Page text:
We may note the words **Esau (that Edom)" in the story of (Gen. "the . many are on record as asserting the probability that each patriarch the personal is actually a tribe or clan. S6 . and Canaan. This is particularly seen when a sin stance. It is significant that Adam is both the name of the chief human actor in the story of the Garden of Eden and the Hebrew word for mankind. IN RELATION TO HIS GROUP man from him a closer vantage point. Hence man appears as a corporate personality rather than as an individual. 10) strengthens this view. 36:1). Put. they neverthe- Jacob and Esau are probably an show an accepted practice of specifying a nation by naming its The language of another passage (Gen. Egypt. and nation must be examined if man is right to be understood. This is man as he is and as all men are.THE THEOLOGY OF THE OLD TESTAMENT It becomes clear that this procession never ends. Although the words "that is. It is not a touched-up and posed portrait it is a candid-camera shot. of humanity. Assyria. tribe. namely. taken when biblical man was too busy fulfilling his mission to be concerned about the imperfections of the record. were Gush. clan. First man we find in the Bible exists not so much own and by his own decisions as in his relation to his group and through its traditions and customs. Edom" explanatory gloss inserted to identify Esau as a nation. While scholars are not in entire agreement. find the only kind of self-realization — if that term may the welfare of the community to which he belongs. This view gains support from the hints or even flat statements in the Bible itself. its study biblical as we may more in his precisely analyze his nature and discover distinctive features. — . for it is the procession It is a procession which will not end until history ceases. is. each man may be used —of which he has any knowledge. Such social entities as family. The patriarchal narratives in Genesis provide an example of this emphasis upon the value of the community for interpreting man. MAN As we of all. descendants of Ham . The sons of Shem were Elam. Pure individuality is not found in the Old Testament what looms large in biblical thinking is the social entity wherein . and that form of the stories is the result of literary adaptations of the material to the interests of the storyteller. His whole being is inextricably bound up with the life of the entire community." (10:6.) Every member of a clan group shares the consequences of the conduct of its individual members. Here the so-called individual descendants of Noah are given names which are used elsewhere for nations. . For inless supposed ancestor. 22.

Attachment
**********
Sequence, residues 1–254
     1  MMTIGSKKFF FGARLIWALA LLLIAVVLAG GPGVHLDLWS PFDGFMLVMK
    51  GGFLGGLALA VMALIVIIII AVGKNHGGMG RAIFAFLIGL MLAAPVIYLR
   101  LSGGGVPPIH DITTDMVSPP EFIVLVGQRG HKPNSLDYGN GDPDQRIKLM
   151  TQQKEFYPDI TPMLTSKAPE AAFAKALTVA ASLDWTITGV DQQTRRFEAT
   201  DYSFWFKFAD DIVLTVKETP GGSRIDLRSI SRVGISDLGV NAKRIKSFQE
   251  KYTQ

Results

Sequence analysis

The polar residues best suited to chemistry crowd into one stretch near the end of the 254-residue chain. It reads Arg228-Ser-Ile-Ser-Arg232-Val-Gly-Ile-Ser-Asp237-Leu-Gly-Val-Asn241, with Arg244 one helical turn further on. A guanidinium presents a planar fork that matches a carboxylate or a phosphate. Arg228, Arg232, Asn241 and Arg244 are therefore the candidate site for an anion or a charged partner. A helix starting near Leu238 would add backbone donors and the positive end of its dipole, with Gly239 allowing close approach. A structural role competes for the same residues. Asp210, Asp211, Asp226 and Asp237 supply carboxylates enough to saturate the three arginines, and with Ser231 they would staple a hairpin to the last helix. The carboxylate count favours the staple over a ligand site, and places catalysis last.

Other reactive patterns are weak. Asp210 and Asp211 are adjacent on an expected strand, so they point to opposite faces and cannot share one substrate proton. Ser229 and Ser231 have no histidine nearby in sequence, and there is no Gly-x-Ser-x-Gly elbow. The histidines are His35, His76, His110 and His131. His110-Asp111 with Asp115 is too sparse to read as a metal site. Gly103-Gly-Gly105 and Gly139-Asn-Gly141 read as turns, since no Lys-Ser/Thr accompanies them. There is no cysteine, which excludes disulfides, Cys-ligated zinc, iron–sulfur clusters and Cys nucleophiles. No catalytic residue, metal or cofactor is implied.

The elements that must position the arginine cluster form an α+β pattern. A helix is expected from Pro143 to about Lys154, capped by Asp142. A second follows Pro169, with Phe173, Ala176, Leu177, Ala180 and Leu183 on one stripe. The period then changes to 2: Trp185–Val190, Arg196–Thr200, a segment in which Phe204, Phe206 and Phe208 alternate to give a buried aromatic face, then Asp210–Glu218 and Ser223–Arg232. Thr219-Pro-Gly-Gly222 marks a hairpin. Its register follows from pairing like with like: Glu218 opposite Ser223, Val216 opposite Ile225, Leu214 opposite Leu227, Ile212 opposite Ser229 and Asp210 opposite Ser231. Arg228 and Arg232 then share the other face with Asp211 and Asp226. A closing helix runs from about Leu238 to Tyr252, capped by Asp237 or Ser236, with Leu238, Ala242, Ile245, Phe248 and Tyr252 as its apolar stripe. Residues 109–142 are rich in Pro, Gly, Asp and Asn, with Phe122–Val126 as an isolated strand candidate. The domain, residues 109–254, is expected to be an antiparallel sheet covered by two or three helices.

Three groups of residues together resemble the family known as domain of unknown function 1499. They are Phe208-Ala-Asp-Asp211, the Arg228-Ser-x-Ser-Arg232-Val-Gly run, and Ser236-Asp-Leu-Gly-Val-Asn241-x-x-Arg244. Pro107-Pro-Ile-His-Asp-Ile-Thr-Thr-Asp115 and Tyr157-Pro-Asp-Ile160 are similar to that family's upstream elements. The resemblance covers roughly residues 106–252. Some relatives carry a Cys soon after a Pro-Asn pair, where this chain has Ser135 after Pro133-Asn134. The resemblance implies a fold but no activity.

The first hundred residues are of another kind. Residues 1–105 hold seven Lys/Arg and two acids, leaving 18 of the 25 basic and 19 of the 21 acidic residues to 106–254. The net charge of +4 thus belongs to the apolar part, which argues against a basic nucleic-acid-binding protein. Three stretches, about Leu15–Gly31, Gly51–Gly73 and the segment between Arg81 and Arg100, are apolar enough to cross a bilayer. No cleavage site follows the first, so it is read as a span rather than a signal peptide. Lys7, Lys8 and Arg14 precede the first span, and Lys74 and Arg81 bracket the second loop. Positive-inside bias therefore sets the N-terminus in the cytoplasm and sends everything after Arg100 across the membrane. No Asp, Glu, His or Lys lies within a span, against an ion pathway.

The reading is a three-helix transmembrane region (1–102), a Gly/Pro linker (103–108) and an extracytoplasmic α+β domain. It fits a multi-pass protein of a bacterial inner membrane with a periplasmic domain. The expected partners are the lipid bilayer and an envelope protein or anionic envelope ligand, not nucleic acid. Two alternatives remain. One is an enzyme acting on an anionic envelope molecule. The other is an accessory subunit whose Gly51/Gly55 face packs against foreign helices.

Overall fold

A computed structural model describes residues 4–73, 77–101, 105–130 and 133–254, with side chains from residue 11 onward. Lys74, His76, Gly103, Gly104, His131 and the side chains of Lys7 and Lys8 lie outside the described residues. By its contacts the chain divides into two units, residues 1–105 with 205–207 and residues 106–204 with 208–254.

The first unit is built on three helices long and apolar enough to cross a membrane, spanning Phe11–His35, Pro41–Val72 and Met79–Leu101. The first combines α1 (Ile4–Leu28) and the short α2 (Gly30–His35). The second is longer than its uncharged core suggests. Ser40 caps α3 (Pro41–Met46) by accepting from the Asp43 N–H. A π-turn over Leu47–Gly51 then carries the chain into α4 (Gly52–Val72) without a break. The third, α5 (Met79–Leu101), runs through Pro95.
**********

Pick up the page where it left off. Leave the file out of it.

including their households. generation after generation. Anthro- numerous parallels to the customs of other ethnic communities. So it became incumbent upon David to make amends for the deed of his predecessor. because he put to death the Gibeonites" (21 :1). who made haste to say that they would not be satisfied with a gift of money. perhaps through an oracle. God is regarded as the defender and preserver of the pologists readily find in this literature 57 . 'Tt is for Saul and his bloody house. and presumably the famine was ended. on the other hand. Here the sins of their father were visited upon the next generation. In Israel. neither could they inflict the appropriate penalty the shedding of blood without the consent of David. however. according to Oriental notions. dared to defy Moses and to challenge his authority as Israel's leader. 21 :l-9) As was customary. Conformity with tribal mores is so deeply Imbedded In the nervous systems of the members of the group that violations are looked upon with horror.ily (II Sam.THE NATURE OF MAN has been committed. This was done. As a consequence of this act of rebellion God caused the earth to open and to swallow up all the men of Korah. they all were guilty through the effect of the concept of collective personality. they would be appeased by the surrender to them of the seven surviving sons of Saul. this principle the sin of the four (Num. had inherited their father's guilt and must suffer the consequences. In the story of Korah's fate the collective punishment administered was extended to the members of the families of the guilty parties. In the biblical sense. The shock caused by the realization that a violation has been committed has been known to cause death. — — it. which. The ties of blood and corporate personality which unite them require them noted all to suffer. the coming of a famine became the occasion for consulting God to determine its cause. When David made inquiry of God. This horizontal extension of guilt and punishment may be compared with its vertical extension in the case of Saul's fam. Guilt and punishment are not confined to the actual perpetrators. Saul. the sons were hanged. There was both a positive and a negative side to the vertical solidarity of the community as understood by the writers of the Old Testament. If the king permitted . A modern parallel may be found in the law's treatment of a corporation as a personality. He called for a conference certain Gibeonites. In the modern sense it is obvious that not all of those punished were As an illustration of the application of men of the Korahite group may be Their leader Korah and three of his followers guilty. 16:1-35). he received this answer. The community was blessed as well as cursed by reason of the behavior of its members.